… a core concept used in Managing New Technologies and Atlas112M

Concept description

In their 2019 book, The Ethical Algorithm (reference below), Kearns and Roth define an algorithm as a very precisely specified series of instructions for performing some concrete task.

They go on to say:

“The simplest algorithms—the ones we teach to our first-year computer science students—do very basic but often important things, such as sorting a list of numbers from smallest to largest.  …

“One of the interesting aspects of algorithm design is that even for fundamental problems such as sorting, there can be multiple alternative algorithms with different strengths and weaknesses, depending on what our concerns are. For example, the extensive Wikipedia page on sorting lists forty-three different algorithms, with names like Quicksort, Heapsort, Bubblesort, and Pigeonhole Sort. Some are faster when we can assume the initial list is in a random order (as opposed to being in reverse sorted order, for example). Some require less memory than others, at the expense of being slower. Some excel when we can assume that each number in the list is unique (as with social security numbers).

“So even within the constraint of developing a precise recipe for a precise computational task, there may be choices and trade-offs to confront. As the previous paragraph suggests, computer science has traditionally focused on algorithmic trade-offs related to what we might consider performance metrics, including computational speed, the amount of memory required, or the amount of communication required between algorithms running on separate computers. But this book, and the emerging research it describes, is about an entirely new dimension in algorithm design: the explicit consideration of social values such as privacy and fairness.”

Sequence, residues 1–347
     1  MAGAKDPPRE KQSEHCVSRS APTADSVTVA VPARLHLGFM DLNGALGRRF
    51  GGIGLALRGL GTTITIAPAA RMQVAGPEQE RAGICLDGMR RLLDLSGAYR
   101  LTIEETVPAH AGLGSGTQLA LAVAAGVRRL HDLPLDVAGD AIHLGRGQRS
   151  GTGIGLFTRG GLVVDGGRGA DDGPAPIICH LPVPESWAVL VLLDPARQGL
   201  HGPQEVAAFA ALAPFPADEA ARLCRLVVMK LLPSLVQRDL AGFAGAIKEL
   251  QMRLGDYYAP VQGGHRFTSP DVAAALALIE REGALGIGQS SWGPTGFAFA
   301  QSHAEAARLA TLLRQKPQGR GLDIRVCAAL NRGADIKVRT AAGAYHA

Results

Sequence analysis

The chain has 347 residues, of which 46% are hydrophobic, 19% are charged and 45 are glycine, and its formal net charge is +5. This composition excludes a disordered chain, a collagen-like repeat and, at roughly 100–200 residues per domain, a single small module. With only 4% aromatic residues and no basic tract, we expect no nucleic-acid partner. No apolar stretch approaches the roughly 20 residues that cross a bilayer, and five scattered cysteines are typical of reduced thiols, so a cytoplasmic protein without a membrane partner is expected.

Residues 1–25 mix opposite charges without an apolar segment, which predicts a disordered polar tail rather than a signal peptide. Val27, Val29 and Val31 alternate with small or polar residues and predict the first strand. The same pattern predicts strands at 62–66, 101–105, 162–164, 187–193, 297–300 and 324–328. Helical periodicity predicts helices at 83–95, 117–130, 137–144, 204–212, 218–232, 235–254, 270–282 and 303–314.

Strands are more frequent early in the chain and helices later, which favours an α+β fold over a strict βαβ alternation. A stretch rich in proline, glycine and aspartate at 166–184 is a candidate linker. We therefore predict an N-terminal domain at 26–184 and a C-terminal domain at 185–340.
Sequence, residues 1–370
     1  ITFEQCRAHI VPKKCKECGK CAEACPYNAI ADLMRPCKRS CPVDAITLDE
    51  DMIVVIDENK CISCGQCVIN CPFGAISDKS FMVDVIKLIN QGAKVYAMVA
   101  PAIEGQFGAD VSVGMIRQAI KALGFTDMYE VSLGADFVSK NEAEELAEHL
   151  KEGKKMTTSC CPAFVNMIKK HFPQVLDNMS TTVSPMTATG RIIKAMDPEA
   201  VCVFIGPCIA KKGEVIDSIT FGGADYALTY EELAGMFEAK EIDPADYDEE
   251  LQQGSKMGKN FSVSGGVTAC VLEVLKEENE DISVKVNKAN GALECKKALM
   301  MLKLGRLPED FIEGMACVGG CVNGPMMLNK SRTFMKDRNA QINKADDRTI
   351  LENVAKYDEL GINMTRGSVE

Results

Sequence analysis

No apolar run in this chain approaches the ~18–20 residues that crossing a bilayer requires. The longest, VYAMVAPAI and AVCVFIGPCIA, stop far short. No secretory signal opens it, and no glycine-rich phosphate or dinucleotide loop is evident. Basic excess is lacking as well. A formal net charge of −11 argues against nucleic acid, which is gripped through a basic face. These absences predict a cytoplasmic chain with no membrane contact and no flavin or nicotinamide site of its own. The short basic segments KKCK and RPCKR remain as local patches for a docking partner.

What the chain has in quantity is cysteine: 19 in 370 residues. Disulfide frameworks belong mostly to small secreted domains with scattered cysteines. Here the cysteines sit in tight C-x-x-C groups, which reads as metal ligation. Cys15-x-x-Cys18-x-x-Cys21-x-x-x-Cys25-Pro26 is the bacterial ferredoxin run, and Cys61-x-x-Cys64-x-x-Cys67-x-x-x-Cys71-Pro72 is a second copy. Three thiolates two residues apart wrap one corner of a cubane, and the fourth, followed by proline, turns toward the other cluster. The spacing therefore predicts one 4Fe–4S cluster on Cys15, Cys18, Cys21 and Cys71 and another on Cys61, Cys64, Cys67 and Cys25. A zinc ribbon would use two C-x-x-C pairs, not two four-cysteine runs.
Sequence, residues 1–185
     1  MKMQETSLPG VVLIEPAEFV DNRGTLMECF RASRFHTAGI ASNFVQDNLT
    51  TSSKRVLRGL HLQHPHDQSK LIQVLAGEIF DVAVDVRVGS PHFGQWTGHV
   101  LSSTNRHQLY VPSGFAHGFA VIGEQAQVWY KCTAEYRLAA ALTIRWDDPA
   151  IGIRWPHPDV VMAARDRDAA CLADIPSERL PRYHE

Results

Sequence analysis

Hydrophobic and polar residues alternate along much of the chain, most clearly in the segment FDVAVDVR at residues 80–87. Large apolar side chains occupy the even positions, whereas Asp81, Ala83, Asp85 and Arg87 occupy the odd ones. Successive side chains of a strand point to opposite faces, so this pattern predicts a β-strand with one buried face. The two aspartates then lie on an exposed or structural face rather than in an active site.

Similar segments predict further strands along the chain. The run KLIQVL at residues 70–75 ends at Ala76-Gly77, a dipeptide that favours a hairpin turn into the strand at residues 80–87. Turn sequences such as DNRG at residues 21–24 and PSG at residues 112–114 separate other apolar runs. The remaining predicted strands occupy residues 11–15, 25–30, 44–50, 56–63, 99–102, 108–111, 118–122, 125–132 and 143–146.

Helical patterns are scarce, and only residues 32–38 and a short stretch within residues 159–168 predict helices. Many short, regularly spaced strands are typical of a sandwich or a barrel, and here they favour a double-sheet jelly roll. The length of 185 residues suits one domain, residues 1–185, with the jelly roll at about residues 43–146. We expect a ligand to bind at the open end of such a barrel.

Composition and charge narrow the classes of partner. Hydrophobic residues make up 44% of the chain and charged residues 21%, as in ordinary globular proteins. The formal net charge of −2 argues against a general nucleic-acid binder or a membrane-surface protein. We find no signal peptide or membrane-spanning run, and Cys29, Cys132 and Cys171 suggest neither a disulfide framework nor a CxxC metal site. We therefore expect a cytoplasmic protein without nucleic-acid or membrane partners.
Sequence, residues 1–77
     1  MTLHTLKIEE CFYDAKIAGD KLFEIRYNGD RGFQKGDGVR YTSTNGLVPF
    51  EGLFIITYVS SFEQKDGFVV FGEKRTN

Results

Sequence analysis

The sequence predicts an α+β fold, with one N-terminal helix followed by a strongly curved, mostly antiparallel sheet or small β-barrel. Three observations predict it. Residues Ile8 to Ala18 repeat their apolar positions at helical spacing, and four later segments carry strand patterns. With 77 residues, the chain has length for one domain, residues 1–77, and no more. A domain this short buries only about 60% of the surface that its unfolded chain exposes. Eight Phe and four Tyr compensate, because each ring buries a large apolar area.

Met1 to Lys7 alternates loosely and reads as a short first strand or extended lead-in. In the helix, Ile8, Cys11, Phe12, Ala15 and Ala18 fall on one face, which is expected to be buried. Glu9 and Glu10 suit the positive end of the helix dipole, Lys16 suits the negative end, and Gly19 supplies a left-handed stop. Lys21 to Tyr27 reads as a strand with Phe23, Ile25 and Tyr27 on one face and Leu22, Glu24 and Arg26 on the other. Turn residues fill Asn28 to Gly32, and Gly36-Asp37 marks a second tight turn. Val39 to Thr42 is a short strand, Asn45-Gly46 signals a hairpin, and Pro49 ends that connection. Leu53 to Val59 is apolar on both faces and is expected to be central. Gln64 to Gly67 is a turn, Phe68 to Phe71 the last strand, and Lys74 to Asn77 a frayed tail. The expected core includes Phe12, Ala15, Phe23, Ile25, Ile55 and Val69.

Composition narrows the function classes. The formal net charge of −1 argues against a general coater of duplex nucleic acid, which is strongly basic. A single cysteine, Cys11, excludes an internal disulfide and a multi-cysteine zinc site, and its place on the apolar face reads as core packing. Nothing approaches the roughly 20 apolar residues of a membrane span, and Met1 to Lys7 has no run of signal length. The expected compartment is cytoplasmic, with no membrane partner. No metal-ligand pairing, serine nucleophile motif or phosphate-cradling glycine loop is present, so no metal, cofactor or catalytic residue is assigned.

See also: Artificial Intelligence and Public Policy and The Ethical Algorithm – The Science of Socially Aware Algorithm Design (Michael Kearns and Aaron Roth, 2019).

Atlas topic, subject, and course

Managing New Technologies (core topic) in Information and Technology Management and Atlas112M Management of Human, Information, and Technology Resources.


Michael Kearns and Aaron Roth (2019), The Ethical Algorithm, Oxford University Press, Kindle Edition, pages 4-5.

Page created by: Ian Clark, last modified 1 March 2021.

Image: Allison Lynch, What is Algorithm – Definition, Types and Application, Edraw, at, accessed 1 March 2021.